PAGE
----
Technology is revolutionizing the way Healthcare data is understood and delivered. For example, Artificial Intelligence (AI) is transforming the interaction between medical devices and physicians with emerging tools that now assist them in identifying, prioritizing and treating conditions with increased accuracy and efficacy. These advances in Healthcare technology, however, introduces new questions and conditions within the Cybersecurity realm, confounded by the increased number of connected medical devices – and vast amounts of data produced and consumed.
While new devices play a critical role in diagnosing and delivering care to patients, they also introduce new vulnerabilities for malicious actors seeking to compromise healthcare networks for their valuable data. For patients and doctors looking to secure quality outcomes, accurate data is essential. For hackers looking to obtain valuable private health information, data can be turned into hard currency or valuable intelligence.
In 2018, more than 15 million patient records were compromised during 503 separate data breaches – nearly triple the amount of reported breaches from 2017. On average, cyberattacks against Healthcare organizations cost $1.4 million in direct costs for recovery with potential long term negative impacts on customer satisfaction and reputation.
When patient safety depends on the security of a hospital’s network, Cybersecurity is a threat that goes far beyond lost revenue and expenses. An attack can have dire, potentially irreparable consequences for patient care and to the healthcare organization’s reputation. Given the high stakes, not only is it critical that hospitals and healthcare networks understand the threats, but that they begin to take measures to combat them.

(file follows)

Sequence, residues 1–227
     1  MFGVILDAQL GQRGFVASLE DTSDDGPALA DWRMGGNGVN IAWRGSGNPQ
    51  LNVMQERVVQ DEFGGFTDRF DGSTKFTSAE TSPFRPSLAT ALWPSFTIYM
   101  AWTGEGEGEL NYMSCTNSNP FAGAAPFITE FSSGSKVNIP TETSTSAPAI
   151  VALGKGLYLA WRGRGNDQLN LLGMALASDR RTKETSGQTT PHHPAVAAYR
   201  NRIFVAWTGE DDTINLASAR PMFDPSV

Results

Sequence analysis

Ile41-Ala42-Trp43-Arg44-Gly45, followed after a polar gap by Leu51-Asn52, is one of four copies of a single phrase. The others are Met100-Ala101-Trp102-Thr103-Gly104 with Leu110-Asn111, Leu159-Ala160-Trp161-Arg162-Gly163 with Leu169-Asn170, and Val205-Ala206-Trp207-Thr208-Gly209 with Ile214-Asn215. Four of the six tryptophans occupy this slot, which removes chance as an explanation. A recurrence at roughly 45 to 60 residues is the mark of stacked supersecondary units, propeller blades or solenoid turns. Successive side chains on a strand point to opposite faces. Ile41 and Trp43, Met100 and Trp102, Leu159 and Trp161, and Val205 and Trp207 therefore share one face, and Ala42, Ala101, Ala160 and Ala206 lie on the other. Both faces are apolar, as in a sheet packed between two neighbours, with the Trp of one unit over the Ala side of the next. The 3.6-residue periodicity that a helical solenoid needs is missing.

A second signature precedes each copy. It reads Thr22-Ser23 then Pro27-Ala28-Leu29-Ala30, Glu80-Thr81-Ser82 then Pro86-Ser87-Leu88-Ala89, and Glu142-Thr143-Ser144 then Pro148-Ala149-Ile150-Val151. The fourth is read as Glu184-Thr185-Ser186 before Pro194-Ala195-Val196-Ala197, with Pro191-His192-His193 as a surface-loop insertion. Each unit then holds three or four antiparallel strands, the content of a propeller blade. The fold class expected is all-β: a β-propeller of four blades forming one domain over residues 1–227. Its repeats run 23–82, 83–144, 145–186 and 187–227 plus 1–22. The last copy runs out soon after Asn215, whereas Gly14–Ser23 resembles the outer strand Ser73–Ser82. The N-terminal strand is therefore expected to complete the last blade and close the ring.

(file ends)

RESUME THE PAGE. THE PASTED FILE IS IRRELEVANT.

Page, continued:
Connected medical devices communicating with the network serve several functions, one of which is to transmit imaging files for diagnostic purposes. The DICOM format (Digital Imaging and Communications in Medicine), which is the standard for the communication and management of medical imaging information has known vulnerabilities – “DICOM is at the center of two novel attack methods related to medical imaging that were exposed in April ”. If hackers gain access to such data, they can potentially manipulate DICOM images and they could alter test results.
Protecting data integrity requires increased focus, attention and forethought for the healthcare industry, specifically with the introduction of AI-based technologies that leverage medical image data. At MaxQ AI, we are following the path of “secure-by-design” and have engaged our partners to find more comprehensive security solutions to ensure data integrity, monitoring and access rights management as part of our overall Security program.
As an industry and community, we need to get the word out that data security requires more than technical proficiency. We need to invest in data integrity related solutions, incorporated into the imaging workflow at hospitals, and associated AI DevOps and Development platforms. It’s not something that happens overnight, but we must take a security-by-design approach as part of a multifaceted program that’s embedded in our corporate strategies, policies, governance and cultures.